Noah was often caught running ahead.  We would use landmarks like this to catch up with him!  Other times, he would fall behind and we had to offer snacks at landmarks like these to prod him along.
Can you see the forest now?  Figuring out the path to get there was a challenge!  Some clouds moved in on this 3rd afternoon so we were happy that we might camp in the protection of a forest - though we didn't know what a badlands forest might really be like!
 We made it!  We're now up in the forest along a high ridge.
 This campsite was named "Ram Skull Mountain" after we found this artifact hanging around.  There was evidence of a campfire nearby, we weren't the only ones to think it was a great camping spot!
 Here's what a Badlands forest looks like - in case you aren't up for the same kind of adventure we enjoyed.
 I told you some clouds were moving in.  After a short time of exploring, it started to rain, so we made tracks for our tent.  Turns out our <6 year old backpacking tent was no longer waterproof.  We spent an hour in the tent taking turns reading and diverting water.
 There was a fantastic rainbow when we got out after the rain.
One last trek around the odd mud hill formations and across the prairie to head home.

A few more logistical notes.
Normally we wouldn't eat freeze-dried backpacking food on a trip like this, but we did this time.  It was easy, though expensive, to just hit up our local backpacking store and buy the meals-in-a-bag.  As I mentioned earlier, we had to carry all of our water on our backs for this outing, so didn't want to plan for dish-washing water in addition to water to consume.  The option to add boiling water to the meal worked.  I don't remember all those that we tried - spaghetti and beef stew were definitely on the list.  I do remember that all were palatable for hungry hikers, and Brian had to pick peas out of one meal.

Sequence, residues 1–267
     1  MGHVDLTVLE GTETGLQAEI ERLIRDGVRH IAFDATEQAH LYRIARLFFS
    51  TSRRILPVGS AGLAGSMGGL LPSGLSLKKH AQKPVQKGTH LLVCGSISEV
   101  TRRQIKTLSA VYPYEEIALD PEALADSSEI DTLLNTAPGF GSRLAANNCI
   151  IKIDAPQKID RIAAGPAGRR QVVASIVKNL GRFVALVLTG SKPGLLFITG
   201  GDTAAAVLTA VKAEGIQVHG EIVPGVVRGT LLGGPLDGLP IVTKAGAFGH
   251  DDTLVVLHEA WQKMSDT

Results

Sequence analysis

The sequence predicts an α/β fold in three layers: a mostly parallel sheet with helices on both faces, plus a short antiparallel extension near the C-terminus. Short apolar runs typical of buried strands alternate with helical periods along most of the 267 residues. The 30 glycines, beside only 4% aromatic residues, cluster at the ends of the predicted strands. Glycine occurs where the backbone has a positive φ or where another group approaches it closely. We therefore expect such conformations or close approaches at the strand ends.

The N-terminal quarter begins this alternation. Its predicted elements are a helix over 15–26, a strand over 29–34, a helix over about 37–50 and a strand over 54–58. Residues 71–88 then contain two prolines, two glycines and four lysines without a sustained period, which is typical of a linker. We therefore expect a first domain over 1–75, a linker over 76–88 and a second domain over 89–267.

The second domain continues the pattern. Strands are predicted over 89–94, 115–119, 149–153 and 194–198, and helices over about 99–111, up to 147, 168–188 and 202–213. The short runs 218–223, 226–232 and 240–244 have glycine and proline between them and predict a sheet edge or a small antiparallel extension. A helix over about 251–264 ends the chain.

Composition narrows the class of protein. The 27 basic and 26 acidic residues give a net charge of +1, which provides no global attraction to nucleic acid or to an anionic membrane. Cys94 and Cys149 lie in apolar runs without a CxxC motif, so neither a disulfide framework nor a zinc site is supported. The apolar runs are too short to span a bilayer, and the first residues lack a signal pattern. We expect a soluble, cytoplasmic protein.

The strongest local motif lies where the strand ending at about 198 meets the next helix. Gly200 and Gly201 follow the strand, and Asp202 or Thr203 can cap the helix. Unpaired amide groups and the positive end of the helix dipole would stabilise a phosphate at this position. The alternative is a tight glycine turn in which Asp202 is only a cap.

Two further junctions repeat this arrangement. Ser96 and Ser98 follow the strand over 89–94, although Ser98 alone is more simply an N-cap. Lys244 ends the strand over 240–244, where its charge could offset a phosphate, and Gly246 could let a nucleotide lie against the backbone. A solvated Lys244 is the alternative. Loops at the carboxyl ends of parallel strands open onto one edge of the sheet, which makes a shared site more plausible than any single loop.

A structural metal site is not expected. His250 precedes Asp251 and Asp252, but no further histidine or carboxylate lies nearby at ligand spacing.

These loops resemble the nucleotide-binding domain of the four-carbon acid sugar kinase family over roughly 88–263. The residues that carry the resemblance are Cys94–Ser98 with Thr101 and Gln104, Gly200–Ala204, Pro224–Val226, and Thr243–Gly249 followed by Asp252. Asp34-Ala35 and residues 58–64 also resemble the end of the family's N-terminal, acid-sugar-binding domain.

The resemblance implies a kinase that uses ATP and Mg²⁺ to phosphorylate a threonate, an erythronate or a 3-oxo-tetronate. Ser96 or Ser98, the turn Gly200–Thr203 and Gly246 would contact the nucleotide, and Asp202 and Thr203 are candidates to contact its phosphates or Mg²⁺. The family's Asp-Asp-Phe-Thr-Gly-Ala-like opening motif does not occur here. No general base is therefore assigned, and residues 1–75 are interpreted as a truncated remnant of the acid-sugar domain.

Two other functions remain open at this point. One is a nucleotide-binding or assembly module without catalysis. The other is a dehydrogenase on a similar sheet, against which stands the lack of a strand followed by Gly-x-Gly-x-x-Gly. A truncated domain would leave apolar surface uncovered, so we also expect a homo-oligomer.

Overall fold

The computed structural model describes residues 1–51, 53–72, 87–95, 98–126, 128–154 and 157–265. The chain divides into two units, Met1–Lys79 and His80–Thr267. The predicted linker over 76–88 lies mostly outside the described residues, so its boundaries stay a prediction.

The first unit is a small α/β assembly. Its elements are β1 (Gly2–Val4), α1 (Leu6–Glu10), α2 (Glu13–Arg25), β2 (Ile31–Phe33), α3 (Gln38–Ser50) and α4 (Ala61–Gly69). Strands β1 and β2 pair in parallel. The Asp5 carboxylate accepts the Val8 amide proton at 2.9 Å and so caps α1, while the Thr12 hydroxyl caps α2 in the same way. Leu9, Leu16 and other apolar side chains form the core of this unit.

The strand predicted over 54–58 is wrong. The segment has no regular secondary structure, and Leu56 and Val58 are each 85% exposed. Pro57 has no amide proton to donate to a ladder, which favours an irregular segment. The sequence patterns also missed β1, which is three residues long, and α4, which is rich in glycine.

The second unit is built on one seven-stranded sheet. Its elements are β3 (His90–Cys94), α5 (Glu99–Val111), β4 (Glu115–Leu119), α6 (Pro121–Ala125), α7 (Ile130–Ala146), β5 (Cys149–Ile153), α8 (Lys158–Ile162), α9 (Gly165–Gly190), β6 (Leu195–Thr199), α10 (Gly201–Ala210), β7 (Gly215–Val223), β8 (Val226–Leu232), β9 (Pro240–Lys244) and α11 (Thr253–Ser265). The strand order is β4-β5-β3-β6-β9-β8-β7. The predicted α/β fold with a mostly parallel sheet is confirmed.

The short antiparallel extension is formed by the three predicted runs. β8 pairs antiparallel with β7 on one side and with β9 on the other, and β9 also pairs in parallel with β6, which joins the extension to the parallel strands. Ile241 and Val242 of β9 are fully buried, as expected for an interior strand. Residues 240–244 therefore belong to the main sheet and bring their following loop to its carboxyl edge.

We hiked out with heavy backpacks full of food and water each afternoon, then the next morning, hiked back to the van with light, nearly empty packs.  I believe the MINIMUM recommendation is 1 gallon per person per day - that's a lot of water weight to be carrying around!  We regrouped and enjoyed lunch each day at the van. This is how we first introduced Noah to backpacking (before he was willing to carry a pack), and feels like a great way to us to get out into the wilderness with children OR out to a place where water is scarce.
You have to pack a small shovel on trips like this - it is your bathroom.  Established hiking trails will often have latrines, but this was backcountry camping.  The shovel doubled as a toy/distraction for our young explorer! Here's the shovel, go dig a hole.
Our tent went back to Marmot over the course of winter and they are replacing it under full warranty - this year, we will stay dry when adventuring!